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Davies Turner gets AEO in Ireland

[ January 3, 2020   //   ]

Davies Turner Ireland (DTI) has been granted Authorised Economic Operator AEO (Type C) status by Irish Revenue, giving the UK-based forwarder the full benefits available under customs simplified procedures.

It comes under 10 years after the company’s UK parent company, Davies Turner achieved full certification (Type F) for all Group services including air freight, ocean freight, overland trailer or intermodal services, Customs warehousing, supply chain management and project forwarding.

Chairman Philip Stephenson, said: “Some of the tangible benefits we have seen from AEO accreditation include fewer physical and documentary examinations of cargo, priority use of non-intrusive inspection techniques when examination is required, and priority processing by Customs whenever security awareness is heightened and Preferred or Trusted Trader status becomes decisive.”

Davies Turner Ireland’s accreditation hinged on a new management system based on those already used by other members of the Davies Turner group for ISO 9001 to provide a structure for compliance with the requirements for AEO.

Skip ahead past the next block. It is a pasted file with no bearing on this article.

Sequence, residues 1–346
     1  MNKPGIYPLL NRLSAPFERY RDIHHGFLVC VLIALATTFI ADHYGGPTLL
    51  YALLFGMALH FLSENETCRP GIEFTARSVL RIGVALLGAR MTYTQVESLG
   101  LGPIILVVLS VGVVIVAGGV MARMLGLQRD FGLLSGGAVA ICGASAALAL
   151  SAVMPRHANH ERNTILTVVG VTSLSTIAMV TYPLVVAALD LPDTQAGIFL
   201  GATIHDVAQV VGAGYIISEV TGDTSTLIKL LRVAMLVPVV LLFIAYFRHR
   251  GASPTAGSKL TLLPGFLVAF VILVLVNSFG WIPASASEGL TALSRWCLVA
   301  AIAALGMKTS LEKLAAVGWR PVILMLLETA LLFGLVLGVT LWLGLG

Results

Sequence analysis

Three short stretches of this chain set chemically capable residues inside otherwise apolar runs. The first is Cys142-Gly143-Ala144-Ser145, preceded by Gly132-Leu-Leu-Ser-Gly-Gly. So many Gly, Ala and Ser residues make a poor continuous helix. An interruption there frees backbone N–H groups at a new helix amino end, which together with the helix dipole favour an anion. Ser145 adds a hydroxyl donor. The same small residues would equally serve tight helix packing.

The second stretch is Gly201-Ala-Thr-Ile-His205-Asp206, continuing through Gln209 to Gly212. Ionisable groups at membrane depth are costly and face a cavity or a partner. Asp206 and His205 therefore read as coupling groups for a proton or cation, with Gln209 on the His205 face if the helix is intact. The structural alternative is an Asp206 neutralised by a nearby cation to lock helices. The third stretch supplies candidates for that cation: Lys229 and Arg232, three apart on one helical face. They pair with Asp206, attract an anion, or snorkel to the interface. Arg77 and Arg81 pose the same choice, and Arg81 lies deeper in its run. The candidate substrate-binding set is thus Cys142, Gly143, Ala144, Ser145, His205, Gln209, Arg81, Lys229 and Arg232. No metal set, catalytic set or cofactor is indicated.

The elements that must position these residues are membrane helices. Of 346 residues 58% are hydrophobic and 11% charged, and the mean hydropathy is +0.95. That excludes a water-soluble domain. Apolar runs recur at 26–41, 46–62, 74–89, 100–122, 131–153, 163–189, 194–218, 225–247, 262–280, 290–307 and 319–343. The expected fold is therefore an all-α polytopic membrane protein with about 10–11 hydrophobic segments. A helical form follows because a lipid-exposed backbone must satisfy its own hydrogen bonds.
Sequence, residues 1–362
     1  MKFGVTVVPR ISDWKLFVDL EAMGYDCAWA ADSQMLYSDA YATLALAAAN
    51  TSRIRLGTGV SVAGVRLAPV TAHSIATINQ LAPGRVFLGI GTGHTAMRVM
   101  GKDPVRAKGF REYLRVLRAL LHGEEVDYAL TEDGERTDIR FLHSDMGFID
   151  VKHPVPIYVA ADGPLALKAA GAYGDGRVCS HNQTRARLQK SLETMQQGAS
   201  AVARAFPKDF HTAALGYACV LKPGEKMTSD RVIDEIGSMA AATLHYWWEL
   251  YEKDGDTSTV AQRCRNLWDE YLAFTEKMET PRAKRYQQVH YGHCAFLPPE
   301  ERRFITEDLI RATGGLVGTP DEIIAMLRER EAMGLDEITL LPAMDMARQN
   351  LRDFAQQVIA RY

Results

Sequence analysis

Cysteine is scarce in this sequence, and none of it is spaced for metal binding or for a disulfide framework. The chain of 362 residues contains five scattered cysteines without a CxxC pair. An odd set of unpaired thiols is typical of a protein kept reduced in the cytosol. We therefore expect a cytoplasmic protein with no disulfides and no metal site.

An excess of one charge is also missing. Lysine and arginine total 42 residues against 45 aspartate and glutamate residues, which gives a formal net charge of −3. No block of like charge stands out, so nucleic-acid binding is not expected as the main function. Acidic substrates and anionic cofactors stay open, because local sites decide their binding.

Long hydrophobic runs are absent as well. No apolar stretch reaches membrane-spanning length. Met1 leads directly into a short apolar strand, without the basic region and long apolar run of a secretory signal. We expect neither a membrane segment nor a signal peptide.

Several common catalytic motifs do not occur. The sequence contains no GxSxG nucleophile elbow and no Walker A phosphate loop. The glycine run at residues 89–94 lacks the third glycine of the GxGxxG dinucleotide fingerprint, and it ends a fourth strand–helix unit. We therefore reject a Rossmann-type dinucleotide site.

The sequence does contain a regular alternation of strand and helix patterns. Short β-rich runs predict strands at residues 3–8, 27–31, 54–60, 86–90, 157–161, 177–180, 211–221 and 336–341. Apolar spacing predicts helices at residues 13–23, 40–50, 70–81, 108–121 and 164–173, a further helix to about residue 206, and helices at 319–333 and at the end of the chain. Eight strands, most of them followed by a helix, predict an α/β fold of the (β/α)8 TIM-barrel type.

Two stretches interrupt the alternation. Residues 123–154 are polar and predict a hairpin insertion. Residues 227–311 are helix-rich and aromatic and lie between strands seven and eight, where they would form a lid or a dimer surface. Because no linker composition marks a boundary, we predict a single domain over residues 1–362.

Every member of Davies Turner Ireland’s staff was involved in this process. Dublin staff did particularly well in taking on the challenge of introducing a quality assurance system, attending internal and external training courses as well as participating in internal audits to ensure evidence of compliance for Irish Revenue.

Stephenson concludes: “As the Brexit process and uncertainty continues, Irish businesses will need to continue preparing for potential changes in exporting or importing with the UK, as and when the UK finally leaves the EU.

“If the UK leaves the EU Single Market and Customs Union with no deal in place, all trade between Ireland and the UK will require full customs clearance and tariffs would be imposed on Irish exports to the UK and imports from the UK into Ireland. Fortunately that’s now considered less likely.

“Whilst AEO status does not eliminate possible tariffs on importation of goods, it can significantly help mitigate non-tariff costs associated with international trade in particular simplifying the importation and exportation process and bringing faster and more efficient clearance of goods at Customs frontiers. As such it should help with any land-border between Ireland and the UK, as well as trade with or transiting the rest of the UK across the Irish Sea.”

 

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